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How to play FreeCell Solitaire
Watch our video to learn how to play. Otherwise, continue reading below.
Tableau: This is the are where all 52 cards are placed face up in 8 columns. The first 4 columns have 7 cards and the last 4 columns have 6 cards.
Free cells: These are the 4 open cells in the top left of the game. Any playable card can be moved here to help you open up new cards to play and to sequence cards.
Foundation: These are the 4 open areas on the top right of the game. In each foundation pile, you want to sequence cards from Ace to King by suit.
The goal of FreeCell is to move all 52 cards to the foundation. You do this by freeing up cards in the tableau and sequencing them according to the following rules:
- When you start the game, the cards that are available to play are the last cards in the tableau. In other words, you can move cards that have no cards on top of it. If an Ace is playable, you can move it to immediately to the foundation.
- In the tableau, you can move a card on top of another playable card as long as its of the opposite color and of a higher rank. For example, a playable 3 of Hearts can be moved on top of a 4 of Spades that is at the bottom of another tableau column. On the other hand, if you have 7 Hearts and a 6 of Diamonds, you cannot move the 6 on top of the 7 because they are the same color. Below each black card will need to go a red one, and it needs to be one rank lower. For example, a five will go below a 6, Queen below King, and so on.
- Groups of sequences cards can be move together on top of another card of an opposite color and of a higher rank.
- You can move any playable card to one of the four free cells. Only 4 cards can be in the free cells at any given time. Even though you can use the free cells as much as you want, try to keep them available for future cards you may need to move around.
- During the process of moving cards from the tableau board to the foundation, you may clear out an entire column. In that case, you can grab any free card and move it to an empty column. It doesn't matter which card it is, as long as it is a free one.
- Cards can only be moved to the foundation from Ace to King, and they need to be of the same suit. For example, if you moved the Ace of Diamonds to the foundation pile, the next card you can place on top of it is the 2 of Diamonds.
- The advantage of FreeCell is that all cards are uncovered, meaning that there will be no surprises, and you can strategically plan ahead. There may be a situation where you will be left with no options or possible moves. You can undo moves to try other ways of solving the game, or you can start a new game.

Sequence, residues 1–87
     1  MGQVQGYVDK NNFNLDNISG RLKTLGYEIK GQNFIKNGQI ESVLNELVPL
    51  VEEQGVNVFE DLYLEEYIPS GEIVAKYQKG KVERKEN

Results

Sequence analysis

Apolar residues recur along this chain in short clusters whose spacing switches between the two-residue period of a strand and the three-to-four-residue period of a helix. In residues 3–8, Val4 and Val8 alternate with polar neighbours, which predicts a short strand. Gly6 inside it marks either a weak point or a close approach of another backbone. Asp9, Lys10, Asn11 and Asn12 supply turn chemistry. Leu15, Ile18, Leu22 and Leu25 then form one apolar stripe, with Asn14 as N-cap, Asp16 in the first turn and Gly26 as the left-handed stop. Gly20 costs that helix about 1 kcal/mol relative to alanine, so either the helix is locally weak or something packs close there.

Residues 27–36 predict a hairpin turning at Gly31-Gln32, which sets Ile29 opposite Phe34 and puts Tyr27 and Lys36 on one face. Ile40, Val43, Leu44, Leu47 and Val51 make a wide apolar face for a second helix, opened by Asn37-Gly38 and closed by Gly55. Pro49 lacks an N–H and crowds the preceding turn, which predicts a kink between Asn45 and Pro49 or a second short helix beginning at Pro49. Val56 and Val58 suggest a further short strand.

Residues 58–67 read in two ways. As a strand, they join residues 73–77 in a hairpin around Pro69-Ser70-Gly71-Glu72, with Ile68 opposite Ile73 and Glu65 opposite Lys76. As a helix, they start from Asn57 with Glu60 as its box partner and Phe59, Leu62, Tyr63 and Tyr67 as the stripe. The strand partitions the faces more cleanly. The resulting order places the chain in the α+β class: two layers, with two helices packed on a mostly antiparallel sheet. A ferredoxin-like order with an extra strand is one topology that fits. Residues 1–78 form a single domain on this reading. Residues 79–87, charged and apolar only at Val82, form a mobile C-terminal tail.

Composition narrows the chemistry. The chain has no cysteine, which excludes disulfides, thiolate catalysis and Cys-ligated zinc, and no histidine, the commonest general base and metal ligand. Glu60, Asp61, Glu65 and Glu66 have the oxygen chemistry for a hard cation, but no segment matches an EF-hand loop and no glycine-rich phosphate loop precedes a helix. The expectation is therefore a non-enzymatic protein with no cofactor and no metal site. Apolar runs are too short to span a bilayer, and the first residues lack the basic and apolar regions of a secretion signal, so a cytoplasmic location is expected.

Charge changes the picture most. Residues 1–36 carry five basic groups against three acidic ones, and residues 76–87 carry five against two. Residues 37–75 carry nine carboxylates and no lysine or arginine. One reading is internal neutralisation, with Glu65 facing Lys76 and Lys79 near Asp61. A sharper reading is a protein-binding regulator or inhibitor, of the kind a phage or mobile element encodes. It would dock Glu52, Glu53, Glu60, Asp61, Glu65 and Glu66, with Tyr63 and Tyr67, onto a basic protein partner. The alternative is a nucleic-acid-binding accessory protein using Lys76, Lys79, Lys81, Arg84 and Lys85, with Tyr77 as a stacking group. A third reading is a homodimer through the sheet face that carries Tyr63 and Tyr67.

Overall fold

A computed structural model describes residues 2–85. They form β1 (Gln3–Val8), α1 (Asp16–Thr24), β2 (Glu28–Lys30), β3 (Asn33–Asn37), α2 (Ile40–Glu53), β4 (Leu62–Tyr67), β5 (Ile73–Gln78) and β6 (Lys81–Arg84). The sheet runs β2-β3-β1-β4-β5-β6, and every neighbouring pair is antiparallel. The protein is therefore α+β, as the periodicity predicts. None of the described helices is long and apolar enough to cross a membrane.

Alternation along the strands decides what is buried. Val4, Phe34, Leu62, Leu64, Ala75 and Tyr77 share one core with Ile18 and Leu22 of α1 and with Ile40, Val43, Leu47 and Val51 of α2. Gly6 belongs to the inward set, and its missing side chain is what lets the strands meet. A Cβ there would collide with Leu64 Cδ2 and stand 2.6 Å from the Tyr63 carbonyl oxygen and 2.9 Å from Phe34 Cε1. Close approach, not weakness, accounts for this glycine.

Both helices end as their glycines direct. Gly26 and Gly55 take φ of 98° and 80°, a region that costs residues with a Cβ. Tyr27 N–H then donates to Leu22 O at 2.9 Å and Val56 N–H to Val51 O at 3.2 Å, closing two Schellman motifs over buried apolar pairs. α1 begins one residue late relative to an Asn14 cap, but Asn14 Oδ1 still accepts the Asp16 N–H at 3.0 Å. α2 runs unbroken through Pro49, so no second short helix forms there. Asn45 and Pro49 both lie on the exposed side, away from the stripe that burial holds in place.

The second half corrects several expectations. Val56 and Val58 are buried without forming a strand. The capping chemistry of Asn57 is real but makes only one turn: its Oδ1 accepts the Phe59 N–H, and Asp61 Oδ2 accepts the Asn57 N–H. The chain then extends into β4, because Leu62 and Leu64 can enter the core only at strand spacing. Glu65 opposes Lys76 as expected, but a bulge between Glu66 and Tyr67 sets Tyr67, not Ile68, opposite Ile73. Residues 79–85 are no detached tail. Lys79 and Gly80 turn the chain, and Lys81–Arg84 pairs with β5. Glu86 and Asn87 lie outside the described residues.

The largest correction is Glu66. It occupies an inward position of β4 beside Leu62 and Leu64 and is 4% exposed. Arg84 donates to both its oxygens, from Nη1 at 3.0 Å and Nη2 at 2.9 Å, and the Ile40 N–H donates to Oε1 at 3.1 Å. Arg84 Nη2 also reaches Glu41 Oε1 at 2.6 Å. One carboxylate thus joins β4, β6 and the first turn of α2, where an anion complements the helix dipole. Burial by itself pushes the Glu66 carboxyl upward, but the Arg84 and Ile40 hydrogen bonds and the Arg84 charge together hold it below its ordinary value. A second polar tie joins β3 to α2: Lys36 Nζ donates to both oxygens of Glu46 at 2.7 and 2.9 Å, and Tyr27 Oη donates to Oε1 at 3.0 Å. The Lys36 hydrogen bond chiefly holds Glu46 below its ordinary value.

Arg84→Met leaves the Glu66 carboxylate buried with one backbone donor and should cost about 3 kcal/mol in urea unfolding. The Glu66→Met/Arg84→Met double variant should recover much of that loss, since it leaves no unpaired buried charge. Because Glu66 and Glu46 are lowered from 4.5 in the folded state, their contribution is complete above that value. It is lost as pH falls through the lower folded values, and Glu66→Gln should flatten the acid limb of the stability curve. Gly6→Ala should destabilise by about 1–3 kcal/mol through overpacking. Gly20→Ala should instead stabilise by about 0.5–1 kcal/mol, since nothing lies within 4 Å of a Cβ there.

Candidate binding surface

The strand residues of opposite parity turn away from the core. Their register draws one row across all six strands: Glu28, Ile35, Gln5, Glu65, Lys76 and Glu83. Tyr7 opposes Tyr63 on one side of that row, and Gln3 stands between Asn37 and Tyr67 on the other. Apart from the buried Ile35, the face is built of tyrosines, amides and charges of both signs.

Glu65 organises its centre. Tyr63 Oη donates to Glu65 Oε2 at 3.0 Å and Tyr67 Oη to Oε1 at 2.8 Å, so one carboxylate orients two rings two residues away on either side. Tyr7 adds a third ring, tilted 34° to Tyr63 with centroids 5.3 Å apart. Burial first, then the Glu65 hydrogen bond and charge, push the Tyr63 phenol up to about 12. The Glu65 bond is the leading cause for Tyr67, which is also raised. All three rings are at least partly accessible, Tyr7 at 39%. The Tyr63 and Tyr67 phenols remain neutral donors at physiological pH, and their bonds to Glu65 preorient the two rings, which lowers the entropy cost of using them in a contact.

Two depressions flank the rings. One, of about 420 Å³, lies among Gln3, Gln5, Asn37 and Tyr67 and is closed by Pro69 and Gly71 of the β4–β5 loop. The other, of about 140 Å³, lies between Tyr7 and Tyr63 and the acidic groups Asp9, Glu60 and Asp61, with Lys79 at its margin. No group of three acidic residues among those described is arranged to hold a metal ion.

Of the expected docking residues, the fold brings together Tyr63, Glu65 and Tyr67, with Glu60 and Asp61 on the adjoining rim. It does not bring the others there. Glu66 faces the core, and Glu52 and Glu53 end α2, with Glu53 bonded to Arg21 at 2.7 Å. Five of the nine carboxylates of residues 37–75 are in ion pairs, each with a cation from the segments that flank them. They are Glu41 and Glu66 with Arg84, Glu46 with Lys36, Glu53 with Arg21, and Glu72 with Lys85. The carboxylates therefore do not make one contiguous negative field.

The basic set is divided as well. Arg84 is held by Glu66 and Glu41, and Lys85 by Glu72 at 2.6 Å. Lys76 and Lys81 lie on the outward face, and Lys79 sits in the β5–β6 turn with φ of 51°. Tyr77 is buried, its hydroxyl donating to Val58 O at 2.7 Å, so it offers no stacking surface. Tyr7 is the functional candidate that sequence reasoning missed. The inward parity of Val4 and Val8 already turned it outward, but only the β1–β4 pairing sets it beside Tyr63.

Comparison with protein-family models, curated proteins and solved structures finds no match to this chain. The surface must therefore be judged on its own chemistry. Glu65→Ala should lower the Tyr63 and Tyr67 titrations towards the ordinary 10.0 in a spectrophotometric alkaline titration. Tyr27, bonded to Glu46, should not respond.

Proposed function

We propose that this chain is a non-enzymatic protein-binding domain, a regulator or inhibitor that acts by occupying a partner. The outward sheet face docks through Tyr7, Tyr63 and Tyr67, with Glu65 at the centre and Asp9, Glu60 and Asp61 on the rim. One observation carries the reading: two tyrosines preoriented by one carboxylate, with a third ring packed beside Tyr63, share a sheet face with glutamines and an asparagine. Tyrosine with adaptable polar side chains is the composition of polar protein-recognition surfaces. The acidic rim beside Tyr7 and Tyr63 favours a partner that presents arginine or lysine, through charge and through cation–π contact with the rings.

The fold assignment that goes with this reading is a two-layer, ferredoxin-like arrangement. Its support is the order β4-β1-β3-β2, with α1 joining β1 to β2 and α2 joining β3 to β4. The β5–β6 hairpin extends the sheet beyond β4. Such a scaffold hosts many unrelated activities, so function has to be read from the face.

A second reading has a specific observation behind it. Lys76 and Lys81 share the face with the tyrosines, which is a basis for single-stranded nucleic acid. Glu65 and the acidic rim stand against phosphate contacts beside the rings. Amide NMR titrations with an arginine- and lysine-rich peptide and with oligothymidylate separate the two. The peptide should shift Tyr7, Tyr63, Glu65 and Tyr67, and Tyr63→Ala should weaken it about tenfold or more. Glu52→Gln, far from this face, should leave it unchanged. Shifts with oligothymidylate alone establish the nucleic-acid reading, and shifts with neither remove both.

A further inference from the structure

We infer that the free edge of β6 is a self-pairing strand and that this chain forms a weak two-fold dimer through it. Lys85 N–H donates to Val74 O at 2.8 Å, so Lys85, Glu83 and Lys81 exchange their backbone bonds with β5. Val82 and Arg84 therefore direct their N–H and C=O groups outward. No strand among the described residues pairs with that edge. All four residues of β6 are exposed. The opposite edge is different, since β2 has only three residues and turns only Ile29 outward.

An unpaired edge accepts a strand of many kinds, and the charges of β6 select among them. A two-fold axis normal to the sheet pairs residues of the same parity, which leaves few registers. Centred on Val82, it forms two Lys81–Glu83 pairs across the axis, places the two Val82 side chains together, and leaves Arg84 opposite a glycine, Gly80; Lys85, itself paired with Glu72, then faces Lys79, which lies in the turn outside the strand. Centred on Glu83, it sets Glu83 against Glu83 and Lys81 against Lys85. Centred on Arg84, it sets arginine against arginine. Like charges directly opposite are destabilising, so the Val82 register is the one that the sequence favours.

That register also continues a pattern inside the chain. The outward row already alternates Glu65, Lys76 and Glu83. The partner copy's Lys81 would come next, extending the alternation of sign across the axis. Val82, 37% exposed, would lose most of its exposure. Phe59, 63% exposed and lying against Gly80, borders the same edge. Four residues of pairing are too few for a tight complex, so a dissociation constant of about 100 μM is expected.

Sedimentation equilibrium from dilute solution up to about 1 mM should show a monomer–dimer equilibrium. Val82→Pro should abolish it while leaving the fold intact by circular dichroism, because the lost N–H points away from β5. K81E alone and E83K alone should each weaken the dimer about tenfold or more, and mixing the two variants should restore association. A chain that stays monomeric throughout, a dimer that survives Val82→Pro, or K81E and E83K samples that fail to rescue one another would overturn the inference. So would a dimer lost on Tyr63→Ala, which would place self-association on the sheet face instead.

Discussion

There are number of strategies that can help you win FreeCell. For example, trying to free up Aces allows you to start building the foundation. Check out our FreeCell strategy guide to learn more.
What are other games similar to FreeCell that I should try?
Are there different versions of FreeCell?
Yes, there are variations in the number of free cells, columns or decks. Check out all our FreeCell games here.
Are all FreeCell games winnable?
Nearly every FreeCell game can be won. Only a very few FreeCell games are unwinnable. Using the basic deal numbering system that most FreeCell games use, game #11982 is the first unwinnable game of FreeCell.
When looking at our data, however, we don't see a nearly perfect win rate. Of 296,733 games played, only 40.9% of them were won, or 121,239. This means the human win rate is much lower than the theoretical one.
What is the history of FreeCell?
FreeCell is one of the most popular card games. It was first introduced in 1978 by Paul Alfille, who programmed the first computerized version of it as a medical student on a PLATO computer at the University of Illinois. It was popularized in 1991 when it came preinstalled with every version of Windows.
The game is played with one deck of cards, and even though there is an infinite number of possible deals, don't expect to be able to learn all of them. Mathematically speaking, there are 1.75 times 10 to the power of 64 possible games.
Is FreeCell good for your brain?
FreeCell has various cognitive benefits. At its core, it’s a problem solving game where you have to figure out how to get all the cards to the foundation by using the free cells. Trying to solve the game pushes your critical and strategic thinking skills, where you have to plan and visualize outcomes, helping you stay sharp. In fact, a study by Oregon Center for Aging & Technology found that playing FreeCell can help identify individuals with memory problems.
Outside of the direct benefits to your brain, FreeCell is often fun for players, reducing stress levels and allowing you to think more clearly.
What are the minimum moves to beat FreeCell?
Based on our analysis of thousands of games, you can beat a FreeCell game with a minimum of 48 moves. Not every game can be won like this. It depends on the cards you are dealt. On Solitaired, you can replay the same game to try to solve it in less moves. Under new game, simply click restart game, or click the restart button on the congrats modal.
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